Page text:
Tuesday, September 9, 2014
"I Don't Remember" in An Open Statement
by Peter Hyatt
"I don't remember" in a court case is, according to Lie To me's author, Dr. Paul Ekman, the number one lie told under oath.
However, in an open statement, it is something else:
In the free editing process, the subject is speaking freely, choosing his own words outside the influence of the interviewer. In this open statement, the words "I don't remember" are a signal that information is being suppressed by the subject.
A. Because in an open statement, the subject can only tell us what he remembers. When he uses "I don't remember" or "I forgot", he is concealing information from us. The interview process means:
taking note of where, in the story, this entered, and asking appropriate questions, focusing upon that time period of suppressed information.
If he says, in the open statement, that he was drunk and does not know something, he again is saying "I don't remember" while he should only be telling us what he does remember, therefore, it is a signal that he is surpressing information.
"I don't remember" or "I don't recall" is appropriately used when a specific question is asked. There are lots of things we do not remember, including what we had for lunch a week ago last Tuesday.
It is when the subject is speaking freely and brings up the issue on his own. This is what one does not remember, stating openly.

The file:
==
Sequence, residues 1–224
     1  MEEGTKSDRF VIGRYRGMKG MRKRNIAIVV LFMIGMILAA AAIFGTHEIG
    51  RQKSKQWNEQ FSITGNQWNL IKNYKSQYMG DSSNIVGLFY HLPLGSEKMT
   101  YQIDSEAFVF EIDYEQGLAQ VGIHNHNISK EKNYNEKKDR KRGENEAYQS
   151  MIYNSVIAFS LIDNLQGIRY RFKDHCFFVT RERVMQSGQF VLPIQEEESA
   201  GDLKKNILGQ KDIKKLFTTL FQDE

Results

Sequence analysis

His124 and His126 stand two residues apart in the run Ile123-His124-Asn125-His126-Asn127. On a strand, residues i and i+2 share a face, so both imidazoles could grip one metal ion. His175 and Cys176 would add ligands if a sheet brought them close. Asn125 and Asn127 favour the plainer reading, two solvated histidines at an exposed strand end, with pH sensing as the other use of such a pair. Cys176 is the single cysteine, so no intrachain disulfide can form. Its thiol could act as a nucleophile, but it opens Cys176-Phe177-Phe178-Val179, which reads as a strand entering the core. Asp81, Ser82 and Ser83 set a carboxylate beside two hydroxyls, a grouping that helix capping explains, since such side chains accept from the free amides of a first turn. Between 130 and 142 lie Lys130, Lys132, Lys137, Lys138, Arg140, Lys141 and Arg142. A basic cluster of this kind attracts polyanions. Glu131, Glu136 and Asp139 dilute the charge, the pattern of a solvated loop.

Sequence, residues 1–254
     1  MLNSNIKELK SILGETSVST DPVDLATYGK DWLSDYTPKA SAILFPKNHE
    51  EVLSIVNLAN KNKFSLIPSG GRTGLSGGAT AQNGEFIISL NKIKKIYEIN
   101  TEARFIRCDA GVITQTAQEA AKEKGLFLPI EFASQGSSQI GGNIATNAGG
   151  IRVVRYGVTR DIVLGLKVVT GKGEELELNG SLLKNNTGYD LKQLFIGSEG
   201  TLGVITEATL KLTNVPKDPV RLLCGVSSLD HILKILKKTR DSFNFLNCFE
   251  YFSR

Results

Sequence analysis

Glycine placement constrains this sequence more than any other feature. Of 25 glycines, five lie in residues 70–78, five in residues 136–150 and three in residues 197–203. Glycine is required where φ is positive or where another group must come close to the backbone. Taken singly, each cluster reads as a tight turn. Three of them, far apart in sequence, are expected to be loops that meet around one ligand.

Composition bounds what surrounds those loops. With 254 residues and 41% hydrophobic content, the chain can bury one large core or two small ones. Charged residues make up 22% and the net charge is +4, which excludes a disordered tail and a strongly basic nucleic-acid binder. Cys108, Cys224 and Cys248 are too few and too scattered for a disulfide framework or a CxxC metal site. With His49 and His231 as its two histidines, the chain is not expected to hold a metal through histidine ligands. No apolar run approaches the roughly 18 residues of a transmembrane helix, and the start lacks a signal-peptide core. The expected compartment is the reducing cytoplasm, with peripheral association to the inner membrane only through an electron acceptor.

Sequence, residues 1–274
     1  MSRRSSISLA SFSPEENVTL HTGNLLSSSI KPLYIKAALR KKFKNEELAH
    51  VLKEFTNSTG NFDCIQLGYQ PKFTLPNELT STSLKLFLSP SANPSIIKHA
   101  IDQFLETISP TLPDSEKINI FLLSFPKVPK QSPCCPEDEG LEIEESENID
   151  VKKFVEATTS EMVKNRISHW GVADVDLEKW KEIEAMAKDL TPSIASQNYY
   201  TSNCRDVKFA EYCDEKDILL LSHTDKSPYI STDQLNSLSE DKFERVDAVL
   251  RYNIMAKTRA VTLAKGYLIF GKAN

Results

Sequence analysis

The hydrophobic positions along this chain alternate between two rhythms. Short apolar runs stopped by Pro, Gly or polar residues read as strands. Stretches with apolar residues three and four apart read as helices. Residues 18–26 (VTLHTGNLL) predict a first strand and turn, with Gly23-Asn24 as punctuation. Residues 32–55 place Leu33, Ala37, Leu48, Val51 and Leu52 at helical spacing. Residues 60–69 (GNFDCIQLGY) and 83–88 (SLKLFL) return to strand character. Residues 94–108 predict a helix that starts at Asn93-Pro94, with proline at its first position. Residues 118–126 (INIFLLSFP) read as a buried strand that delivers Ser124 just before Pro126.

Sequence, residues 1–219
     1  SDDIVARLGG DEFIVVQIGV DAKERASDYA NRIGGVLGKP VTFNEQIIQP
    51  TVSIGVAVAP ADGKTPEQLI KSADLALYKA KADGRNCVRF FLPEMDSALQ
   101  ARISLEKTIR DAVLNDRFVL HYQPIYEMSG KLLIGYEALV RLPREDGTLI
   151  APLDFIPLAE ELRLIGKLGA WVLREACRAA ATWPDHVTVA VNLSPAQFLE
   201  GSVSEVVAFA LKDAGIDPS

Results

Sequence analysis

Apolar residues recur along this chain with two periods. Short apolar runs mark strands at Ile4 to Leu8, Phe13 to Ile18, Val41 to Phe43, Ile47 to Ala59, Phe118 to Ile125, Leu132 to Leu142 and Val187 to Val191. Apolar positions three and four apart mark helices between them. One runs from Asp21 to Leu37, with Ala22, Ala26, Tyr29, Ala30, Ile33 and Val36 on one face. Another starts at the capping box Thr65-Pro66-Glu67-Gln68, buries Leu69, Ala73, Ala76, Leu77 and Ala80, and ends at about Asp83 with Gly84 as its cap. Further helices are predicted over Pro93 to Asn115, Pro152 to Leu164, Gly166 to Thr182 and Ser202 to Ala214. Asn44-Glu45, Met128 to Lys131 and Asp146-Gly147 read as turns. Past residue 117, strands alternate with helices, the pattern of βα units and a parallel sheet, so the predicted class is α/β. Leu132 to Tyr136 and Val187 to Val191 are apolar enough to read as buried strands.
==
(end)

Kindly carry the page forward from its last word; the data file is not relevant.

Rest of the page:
How can we know what we do not remember?
Let's go back to our lunch issue.
In the open statement, the subject should tell us what he remembers. What if someone is freely speaking about his day last week and says that he does not remember what he had for lunch, even though he was not asked?
You might be able to picture this.
You might be able to say "I did such and such, but I don't remember what I did for lunch...and then..."
In the interview, I would pounce on the lunch period because the subject brought it up, indicating that it was on his mind, but then, in an open statement, declared not remembering.
I did not ask, "What did you have for lunch?" therefore, why is it important to the subject?
It is important and my interview will find out the reason why...I would focus my interview, not so much on lunch, but upon the time frame that the subject is referencing, to learn what information is 'leaking' from his brain.